Saturday, June 10, 2017

Project Green Light Television Series Review

Project Greenlight (2001-2015)
Season 1 - 12 episodes (2001)

Season 2 - 13 episodes (2003)
Season 3 - 9 episodes (2005)
Season 4 - 8 episodes (2015)
Buy Project Greenlight Season 1 on Amazon
Buy Project Greenlight Season 2 on Amazon
Created by: Alex Keledjian
Starring: Ben Affleck, Matt Damon, Chris Moore, Pete Jones


My rating is simple, Watch It, It Depends, Skip it. Read my previous television reviews!

This documentary television series focuses on first-time filmmakers being given the chance to direct a feature film through Ben Affleck and Matt Damon's production company.
The first, second, and fourth seasons aired on HBO. The third season aired on Bravo.

This series is a fascinating behind the scenes look of how a movie is made. There are many people involved, and those that don't get credit can have a massive effect on the final product.
It's surprising that people with little to know experience are given such freedom. You would think with the amount of money on the line, these directors would have a mentor. Maybe they did off screen. While this is nearly a documentary, it often succumbs to reality-tv tropes, I have to wonder if some of the feuds are manufactured for added drama.
The series as a whole really rounds out your education as we see how different mentalities flourish and flounder in different aspects of making a film. If you love film or just want a crash course on how a movie is made, this is it. I would love to see more seasons of this, but unfortunately there are none on the horizon. While I typically don't like reality type shows, I love this series.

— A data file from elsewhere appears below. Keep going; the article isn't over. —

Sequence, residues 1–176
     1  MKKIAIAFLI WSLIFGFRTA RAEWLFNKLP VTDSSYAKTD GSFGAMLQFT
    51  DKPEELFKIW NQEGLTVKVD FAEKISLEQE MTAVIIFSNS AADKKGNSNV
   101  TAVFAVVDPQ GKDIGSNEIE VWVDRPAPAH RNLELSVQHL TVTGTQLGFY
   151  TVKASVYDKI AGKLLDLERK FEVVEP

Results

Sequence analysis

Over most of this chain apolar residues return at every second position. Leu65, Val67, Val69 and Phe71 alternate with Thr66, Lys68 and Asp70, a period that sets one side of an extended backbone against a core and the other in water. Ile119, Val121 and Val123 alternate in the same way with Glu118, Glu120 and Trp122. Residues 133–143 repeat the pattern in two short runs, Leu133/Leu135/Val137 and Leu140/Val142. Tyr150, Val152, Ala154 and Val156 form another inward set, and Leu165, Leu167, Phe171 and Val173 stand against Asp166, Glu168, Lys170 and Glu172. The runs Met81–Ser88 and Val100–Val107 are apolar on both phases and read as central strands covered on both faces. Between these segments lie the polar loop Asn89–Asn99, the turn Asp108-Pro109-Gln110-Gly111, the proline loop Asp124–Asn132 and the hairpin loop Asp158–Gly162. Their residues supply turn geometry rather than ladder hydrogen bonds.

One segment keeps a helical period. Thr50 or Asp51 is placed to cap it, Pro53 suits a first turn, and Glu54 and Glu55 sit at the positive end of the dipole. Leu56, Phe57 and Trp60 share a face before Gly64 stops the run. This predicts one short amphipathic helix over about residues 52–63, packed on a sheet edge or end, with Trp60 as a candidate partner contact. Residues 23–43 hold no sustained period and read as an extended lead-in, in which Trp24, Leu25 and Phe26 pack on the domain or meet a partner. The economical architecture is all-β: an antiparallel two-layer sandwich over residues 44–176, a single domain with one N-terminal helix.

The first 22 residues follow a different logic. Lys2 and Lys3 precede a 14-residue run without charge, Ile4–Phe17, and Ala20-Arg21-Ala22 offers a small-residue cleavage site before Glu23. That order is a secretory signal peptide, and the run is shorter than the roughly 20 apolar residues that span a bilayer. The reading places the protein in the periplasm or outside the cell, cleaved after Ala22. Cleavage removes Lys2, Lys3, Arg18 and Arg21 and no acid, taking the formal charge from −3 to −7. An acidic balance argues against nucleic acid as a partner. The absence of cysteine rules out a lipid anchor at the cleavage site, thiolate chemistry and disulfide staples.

Watch it.

A first time director is put in charge with a supporting cast that often are only vying for their own interests. The directors are given a lot of freedom for people that have little to no experience, and the shooting schedule is quite short for someone learning as they go. This of course leads to lots of drama and confusion with people that either don't know what to do or who is in charge.
Season 1 - Ben and Matt
Season 4 - Ben and Matt
Each season begins with Matt Damon, Ben Affleck, and a studio representative deciding contest winners.

It's an amazing opportunity, but they're almost throwing the directors to the wolves by not giving them enough support or giving them too much freedom. This is a great look at behind the scenes, but I have to wonder how much of this is manufactured drama.

The only movie I've seen is The Leisure Class (read my review), it's easily rated the worst among the Project Greenlight movies and with good reason.

Season 1
Season 1 had the least amount of drama. Pete Jones won the contest and goes from stay-at-home dad to directing his own script. The contest would later change with separate contests for script and director. Of course Pete doesn't see his lack of experience as a road block, though he understand that it closes doors.
Due to his experience, Pet often defers decisions. The producers state they don't want someone that lays down, though they do want them to pick battles. This is an oft repeated phrase. In season 4 Pete will returns as a director who fights all battles in in the chair.
Season 1 - Winner Pete Jones
Another recurring issue is the budget. The winner is selected ignoring budget, and all of the movies want more budget.The movie this season was a period piece, and that is an additional cost that no one worried about... initially.
While striving to pick the right locations, no one considered the parked cars on the street were to modern. Making a movie is chaotic. That's inevitable with so many moving pieces. So many things have to come together and so many decisions are made on the fly that it's really stunning movies even get made. Personalities often clash, and the director of photography, Biagi, really becomes the director, pushing Pete to make decisions. Biagi ignores standard practices, dismissing this movie as low budget. He doesn't create shot lists which are used for the crew as an outline for the day. Imagine a moving company with boxes that aren't labeled as to which room they should go to. It's pandemonium.
Season one's movie was Stolen Summer (2002).
Season 2 Title Card
Season 2